Author(s): Orme CM, Binik YM
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Abstract The extent to which adherence to one demand of the diabetic treatment regimen is related to adherence to other regimen demands was explored in a sample of 227 diabetic patients. Adherence to weight control, urine/blood testing, medication taking, symptom reporting, and safety demands was assessed using a variety of methods: (a) patients' report in relation to physician's criteria, (b) patients' report in relation to their own understanding of those criteria, (c) significant others' reports, (d) nurses' ratings, and (e) physicians' ratings. Based on attribution theory, it was proposed that informed others would view patients as more consistent than patients themselves did. Separate intercorrelation matrices were created for each method. The correlations, however, were uniformly low (most rs less than .25) and mean correlations did not differ significantly between matrices. The relative independence of adherence to different demands of the diabetic regimen has important implications for the conceptualization and measurement of treatment adherence.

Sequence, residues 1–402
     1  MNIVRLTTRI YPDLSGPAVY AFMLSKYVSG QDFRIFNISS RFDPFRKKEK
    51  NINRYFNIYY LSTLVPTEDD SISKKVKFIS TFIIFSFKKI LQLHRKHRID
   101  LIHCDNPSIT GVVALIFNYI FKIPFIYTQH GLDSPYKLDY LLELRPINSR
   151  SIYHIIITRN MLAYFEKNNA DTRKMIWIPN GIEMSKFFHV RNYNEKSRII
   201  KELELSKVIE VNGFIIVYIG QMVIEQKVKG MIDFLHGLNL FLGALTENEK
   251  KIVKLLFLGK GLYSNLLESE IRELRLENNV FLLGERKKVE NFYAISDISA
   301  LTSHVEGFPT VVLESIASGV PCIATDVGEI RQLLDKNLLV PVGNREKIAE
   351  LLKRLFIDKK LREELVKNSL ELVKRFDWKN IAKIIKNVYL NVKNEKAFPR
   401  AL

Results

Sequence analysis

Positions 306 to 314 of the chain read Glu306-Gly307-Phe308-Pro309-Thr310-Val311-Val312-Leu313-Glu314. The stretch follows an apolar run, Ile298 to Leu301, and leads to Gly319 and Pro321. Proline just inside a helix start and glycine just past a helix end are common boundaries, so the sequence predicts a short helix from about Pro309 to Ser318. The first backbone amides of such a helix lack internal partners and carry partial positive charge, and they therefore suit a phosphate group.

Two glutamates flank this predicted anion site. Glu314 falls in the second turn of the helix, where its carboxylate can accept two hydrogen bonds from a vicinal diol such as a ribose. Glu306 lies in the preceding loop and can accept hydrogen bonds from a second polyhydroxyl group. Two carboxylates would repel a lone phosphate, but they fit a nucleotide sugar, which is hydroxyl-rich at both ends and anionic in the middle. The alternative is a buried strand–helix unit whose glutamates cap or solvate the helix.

This article was published in Health Psychol
and referenced in Journal of Addiction Research & Therapy